Caney’s lunker bass love the sun, too

Nothing brings more happiness than sunshine this time of year, unless it’s sunshine and the lunker largemouth bass bite turning on at Caney Lake at Chatham.

And this month is a good time to find that happening.

“There are two things that you can do in January to take advantage of the bite,” Ruston’s Greg Terzia said. “You have to work slow, but if you get out in front of the spillway in the deep water, you can find some really big bass. I’m talking water that may be 30 to 40 feet deep.

“We like to use a Little George-type tail-spinner and an Alabama rig with spinners on it. With either, you throw it out and bring it in slowly right on the bottom.

“You can also vertical fish a big 5-inch jigging spoon or the tail-spinner right over the fish. You’ll have to depend on your electronics for that and put your bait right where the fish are.”

Terzia uses a Humminbird Helix 10 DI to explore that area of the lake, and when he finds fish he throws out a bouy and fishes there.

Often big fish will stack up, and electronics is vital to finding them.

Of course, some days it is too windy to fish the open water, but weather might move fish up shallower — and when that happens, Terzia recommends technique No. 2.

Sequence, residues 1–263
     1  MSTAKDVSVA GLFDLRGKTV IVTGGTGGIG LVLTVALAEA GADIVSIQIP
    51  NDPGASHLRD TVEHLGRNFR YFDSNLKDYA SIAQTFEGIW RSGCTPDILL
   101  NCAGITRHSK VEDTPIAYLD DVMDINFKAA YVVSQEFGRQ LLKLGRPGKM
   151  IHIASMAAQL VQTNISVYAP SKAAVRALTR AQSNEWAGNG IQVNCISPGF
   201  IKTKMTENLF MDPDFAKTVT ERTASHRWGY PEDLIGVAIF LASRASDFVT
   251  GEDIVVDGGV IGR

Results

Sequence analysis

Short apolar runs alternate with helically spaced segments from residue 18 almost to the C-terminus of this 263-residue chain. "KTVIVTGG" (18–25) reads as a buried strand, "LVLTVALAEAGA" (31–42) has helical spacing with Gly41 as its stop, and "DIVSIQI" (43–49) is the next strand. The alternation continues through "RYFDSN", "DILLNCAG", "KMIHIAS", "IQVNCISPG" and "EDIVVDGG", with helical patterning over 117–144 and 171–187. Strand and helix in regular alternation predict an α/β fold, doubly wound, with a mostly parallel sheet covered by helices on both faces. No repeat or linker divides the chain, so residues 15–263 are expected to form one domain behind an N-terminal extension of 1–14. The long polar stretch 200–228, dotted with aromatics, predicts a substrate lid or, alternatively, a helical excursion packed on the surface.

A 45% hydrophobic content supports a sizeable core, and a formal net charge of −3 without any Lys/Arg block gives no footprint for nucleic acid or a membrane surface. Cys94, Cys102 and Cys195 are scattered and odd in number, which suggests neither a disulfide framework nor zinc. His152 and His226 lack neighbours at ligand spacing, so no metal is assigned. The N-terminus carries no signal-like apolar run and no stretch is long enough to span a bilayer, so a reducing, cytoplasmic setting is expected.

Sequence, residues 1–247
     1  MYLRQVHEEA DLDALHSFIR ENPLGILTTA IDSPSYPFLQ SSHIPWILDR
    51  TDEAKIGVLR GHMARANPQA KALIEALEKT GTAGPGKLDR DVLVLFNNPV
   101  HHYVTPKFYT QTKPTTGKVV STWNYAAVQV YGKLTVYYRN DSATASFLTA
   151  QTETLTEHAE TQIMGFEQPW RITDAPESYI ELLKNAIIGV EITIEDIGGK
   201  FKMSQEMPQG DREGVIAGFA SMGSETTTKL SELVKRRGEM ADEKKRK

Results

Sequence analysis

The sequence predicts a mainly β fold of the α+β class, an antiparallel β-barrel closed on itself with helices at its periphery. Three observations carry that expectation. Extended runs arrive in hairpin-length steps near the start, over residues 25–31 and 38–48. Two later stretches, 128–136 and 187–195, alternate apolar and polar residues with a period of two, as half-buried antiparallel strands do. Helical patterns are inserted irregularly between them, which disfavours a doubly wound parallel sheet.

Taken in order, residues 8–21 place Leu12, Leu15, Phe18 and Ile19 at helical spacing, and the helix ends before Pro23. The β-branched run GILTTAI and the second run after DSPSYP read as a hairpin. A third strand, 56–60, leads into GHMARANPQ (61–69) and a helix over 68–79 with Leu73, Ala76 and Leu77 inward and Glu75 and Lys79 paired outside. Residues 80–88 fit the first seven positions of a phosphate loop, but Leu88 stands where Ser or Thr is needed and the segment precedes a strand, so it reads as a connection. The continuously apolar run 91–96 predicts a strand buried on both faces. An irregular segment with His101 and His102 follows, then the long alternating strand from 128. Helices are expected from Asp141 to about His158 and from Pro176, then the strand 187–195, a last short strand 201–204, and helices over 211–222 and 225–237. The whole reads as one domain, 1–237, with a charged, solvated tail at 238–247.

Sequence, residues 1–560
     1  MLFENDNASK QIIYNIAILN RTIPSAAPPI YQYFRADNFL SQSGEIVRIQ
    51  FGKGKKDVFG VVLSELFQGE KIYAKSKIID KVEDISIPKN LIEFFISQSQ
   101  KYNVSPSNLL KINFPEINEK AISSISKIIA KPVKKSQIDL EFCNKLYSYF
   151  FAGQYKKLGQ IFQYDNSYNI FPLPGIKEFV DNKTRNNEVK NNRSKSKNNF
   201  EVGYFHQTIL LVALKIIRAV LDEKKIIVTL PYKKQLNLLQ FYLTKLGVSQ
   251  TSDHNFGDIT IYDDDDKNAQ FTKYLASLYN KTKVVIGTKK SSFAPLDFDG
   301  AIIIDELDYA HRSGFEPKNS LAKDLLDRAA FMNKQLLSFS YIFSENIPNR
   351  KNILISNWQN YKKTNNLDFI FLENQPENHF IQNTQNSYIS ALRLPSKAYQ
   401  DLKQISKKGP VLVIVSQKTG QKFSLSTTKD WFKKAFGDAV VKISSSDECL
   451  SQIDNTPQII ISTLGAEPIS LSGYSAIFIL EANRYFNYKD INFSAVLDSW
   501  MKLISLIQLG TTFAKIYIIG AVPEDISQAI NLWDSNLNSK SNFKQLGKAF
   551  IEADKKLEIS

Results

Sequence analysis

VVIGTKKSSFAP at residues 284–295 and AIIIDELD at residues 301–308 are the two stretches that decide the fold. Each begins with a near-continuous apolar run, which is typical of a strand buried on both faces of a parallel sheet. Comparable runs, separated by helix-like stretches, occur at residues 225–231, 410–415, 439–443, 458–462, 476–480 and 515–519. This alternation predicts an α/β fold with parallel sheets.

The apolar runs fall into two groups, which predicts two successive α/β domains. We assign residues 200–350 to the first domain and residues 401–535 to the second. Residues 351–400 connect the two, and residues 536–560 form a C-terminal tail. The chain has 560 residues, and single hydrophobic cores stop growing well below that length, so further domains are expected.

“I go to the deep docks, like on the big lake and around Smith Creek, and flip the docks with a Baby Brush Hawg in South Africa color or a black-and-blue jig,” he said. “Craworms will work, too, and the best colors are watermelon and green pumpkin.”

Fishing pressure on the Jackson Parish lake isn’t as heavy as in the early days of the 5,800-acre lake when it gave up a 15.97-pound bass to Greg Wiggins, which still stands as the state record.

But fishermen who have patience to deal with feast and famine still love the potential of landing a 10- pounder at the reservoir.

The lake still claims six of the top 10 largemouth bass caught in Louisiana.

About Kinny Haddox 597 Articles
Kinny Haddox has been writing magazine and newspaper articles about the outdoors in Louisiana for 45 years. He publishes a daily website, and is a member of the Louisiana Chapter of the Outdoor Legends Hall of Fame. He and his wife, DiAnne, live in West Monroe.